Juli MacDonald of DeStefano Architects agrees. While her firm might typically suggest larger windows with lower windowsills on the beach-facing side of the home, this time they decided to stick with the preexisting windowsill height. “While the views were very important to them, they also wanted privacy,” she says of the homeowners. “Another element they liked in their existing house was that it had a very large deck that was just a few steps up from the line of the sand. We maintained both the size of the deck and the height.” Because of the structure’s close proximity to the water, they had to go through a “tricky state approval process.” They were able to expand to the north and to the west but not toward the south or east. Additionally, they were forced to do away with the preexisting basement because of new regulations designed to protect the fragile ecosystem of the beach.

Fortunately, Moody knows this beach every bit as well as his name might suggest. “Whenever you are building near the ocean, you try to use as little of the area as possible. It’s good business—it’s good for the neighbors, the homeowners, and for the environment,” he says. During construction, his team was mindful about debris and trash, managing the jobsite “much tighter than one inland.” Moody also says they needed to build the house on piers so that water could flow beneath it without damaging the structure of the foundation. “The vertical lattice you see now below the house meets the EPA requirements for water restriction, and the house is completely flood proof,” he explains.

For Carol and Rick, losing the basement was a small price to pay for all they gained. The ultimate goal was to create a beach house that was compact and functional, and could welcome in several generations of visitors, including those who are now just toddling around. The couple approached Moody with an idea to help keep the wee ones out of trouble: waist-high doors that pull out from the doorframe. After several design drafts and prototypes, he developed simple, functional pocket doors that blend seamlessly into the surrounding space. “I can’t tell you exactly how we did it, though,” Moody says. Turns out, the feature worked so well the Moody brothers are considering patenting it.

As we tour the house, Rick stops every few minutes to draw my attention to the fineness of the millwork. “Look at the proportions of the moulding,” he instructs as we stand in the kitchen. “It goes all the way around the room, and it never falters. It’s not something most people would notice, but it makes the room look just right.” Similarly skillful millwork has been used in the den to tuck a Murphy bed into the wall. “We wanted to have nightstands on each side of the bed, so that it would feel like a real bedroom,” Carol says. “The construction crew figured out a way to create these nooks in the wall on either side of the bed, with white boards that fold back and create a headboard.” She adds, “Isn’t it clever?”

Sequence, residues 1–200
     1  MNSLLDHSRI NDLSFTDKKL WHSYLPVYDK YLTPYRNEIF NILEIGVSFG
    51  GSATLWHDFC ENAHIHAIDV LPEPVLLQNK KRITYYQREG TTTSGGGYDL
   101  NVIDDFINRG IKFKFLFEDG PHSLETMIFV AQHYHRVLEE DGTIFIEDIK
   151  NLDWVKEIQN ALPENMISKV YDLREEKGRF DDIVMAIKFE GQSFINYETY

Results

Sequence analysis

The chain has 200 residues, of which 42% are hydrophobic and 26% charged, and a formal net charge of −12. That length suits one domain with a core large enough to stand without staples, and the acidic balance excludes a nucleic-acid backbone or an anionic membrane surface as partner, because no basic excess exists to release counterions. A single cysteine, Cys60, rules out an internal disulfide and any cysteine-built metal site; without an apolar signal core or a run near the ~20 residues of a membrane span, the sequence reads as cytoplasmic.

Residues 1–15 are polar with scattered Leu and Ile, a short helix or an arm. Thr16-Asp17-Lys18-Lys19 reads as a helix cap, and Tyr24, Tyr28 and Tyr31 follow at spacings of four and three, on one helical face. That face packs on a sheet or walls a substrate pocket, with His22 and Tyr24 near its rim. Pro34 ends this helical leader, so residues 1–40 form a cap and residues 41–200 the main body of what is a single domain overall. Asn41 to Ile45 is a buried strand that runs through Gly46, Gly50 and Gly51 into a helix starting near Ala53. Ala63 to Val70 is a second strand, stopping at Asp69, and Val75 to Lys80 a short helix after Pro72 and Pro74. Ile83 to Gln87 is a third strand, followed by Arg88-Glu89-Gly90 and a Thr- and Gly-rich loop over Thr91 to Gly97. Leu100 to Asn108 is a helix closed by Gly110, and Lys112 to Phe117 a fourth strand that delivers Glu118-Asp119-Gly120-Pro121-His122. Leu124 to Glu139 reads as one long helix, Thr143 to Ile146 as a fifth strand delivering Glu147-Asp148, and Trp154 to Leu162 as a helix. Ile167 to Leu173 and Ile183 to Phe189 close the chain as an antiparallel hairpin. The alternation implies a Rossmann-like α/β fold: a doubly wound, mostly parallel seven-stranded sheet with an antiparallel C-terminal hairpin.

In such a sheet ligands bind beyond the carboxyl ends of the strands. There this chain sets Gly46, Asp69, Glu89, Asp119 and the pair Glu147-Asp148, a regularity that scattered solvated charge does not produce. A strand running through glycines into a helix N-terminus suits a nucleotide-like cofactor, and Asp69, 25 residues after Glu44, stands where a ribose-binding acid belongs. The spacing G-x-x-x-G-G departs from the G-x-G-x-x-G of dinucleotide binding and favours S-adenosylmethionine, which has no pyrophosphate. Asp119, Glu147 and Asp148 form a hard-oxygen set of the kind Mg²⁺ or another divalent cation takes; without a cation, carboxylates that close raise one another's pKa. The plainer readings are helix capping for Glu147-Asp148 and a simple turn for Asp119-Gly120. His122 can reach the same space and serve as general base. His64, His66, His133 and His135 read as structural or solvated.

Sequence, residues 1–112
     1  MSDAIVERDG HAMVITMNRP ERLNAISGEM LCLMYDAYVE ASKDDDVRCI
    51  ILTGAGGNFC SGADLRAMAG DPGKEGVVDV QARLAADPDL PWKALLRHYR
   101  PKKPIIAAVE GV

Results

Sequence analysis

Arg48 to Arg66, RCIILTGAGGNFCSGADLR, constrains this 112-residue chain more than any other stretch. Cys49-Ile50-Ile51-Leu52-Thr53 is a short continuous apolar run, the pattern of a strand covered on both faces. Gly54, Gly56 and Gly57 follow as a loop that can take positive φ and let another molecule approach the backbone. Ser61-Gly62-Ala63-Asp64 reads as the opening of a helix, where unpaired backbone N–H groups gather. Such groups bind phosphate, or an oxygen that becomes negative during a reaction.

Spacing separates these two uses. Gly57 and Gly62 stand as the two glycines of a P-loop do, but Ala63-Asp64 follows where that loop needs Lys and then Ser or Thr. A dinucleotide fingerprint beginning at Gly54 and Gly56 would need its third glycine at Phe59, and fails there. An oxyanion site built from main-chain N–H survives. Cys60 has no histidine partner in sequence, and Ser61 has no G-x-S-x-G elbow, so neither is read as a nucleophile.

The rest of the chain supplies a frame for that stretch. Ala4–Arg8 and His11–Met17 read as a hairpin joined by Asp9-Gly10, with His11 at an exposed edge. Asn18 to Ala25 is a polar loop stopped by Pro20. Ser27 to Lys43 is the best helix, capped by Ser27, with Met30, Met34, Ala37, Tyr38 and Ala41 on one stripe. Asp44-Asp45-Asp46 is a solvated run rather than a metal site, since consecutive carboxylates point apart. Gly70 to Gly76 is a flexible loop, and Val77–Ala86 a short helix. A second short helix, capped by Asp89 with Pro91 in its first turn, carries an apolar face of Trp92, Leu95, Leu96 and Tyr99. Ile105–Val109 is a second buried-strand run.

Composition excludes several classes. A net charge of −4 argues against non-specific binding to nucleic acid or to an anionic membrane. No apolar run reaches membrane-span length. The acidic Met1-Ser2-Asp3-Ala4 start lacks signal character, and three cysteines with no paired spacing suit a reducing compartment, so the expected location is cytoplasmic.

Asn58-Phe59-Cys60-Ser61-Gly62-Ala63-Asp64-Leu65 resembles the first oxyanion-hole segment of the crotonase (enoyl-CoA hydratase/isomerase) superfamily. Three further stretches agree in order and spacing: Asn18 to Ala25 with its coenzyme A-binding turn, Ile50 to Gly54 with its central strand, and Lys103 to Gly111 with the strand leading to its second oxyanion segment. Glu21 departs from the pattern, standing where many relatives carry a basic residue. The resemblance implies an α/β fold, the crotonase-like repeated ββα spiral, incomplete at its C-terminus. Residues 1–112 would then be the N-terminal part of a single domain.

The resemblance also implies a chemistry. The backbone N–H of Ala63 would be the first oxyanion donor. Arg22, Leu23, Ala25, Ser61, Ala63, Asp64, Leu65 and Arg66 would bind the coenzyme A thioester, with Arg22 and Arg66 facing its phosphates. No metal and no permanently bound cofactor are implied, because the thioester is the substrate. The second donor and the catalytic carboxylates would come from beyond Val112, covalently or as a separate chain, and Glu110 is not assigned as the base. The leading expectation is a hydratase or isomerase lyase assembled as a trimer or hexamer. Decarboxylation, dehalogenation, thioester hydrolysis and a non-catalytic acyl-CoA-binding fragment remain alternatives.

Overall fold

While they are quick to praise the technical abilities of their team, Rick also says his wife played a pivotal role in the design process. “She should get credit, because she’s done four kitchens at this point, and she knew exactly how to make the most functional kitchen possible,” he says with admiration. “A U-shape is best,” she adds. After 40 years of marriage, they clearly know how to play to each other’s strengths, and one of Carol’s strengths is cooking. “I’m Italian, so I love making big pots of tomato sauce to feed everyone,” she says.

Landscaper Dan Gogan knew this too, and when he went to update the front yard, he was sure to add a few aboveground planters for Carol. “I’ve had good luck with Roma tomatoes and basil,” she says. “When the girls come to visit, we all get to work in the kitchen. They love cooking, and it’s a nice way to spend some time with my daughters-in-law.”

Although the couple’s primary residence is located in Amherst, New Hampshire, they say that building the Moody Beach home was an exercise in “thinking long term.” “We love where we live now,” says Rick, “but if push comes to shove and we decide to downsize, we would move here.” After three decades of vacationing on the sandy shores of Maine, the state has come to feel like home to the happy couple. Now, thanks to this updated, understated, and thoroughly comfortable beach house, it can function that way, too.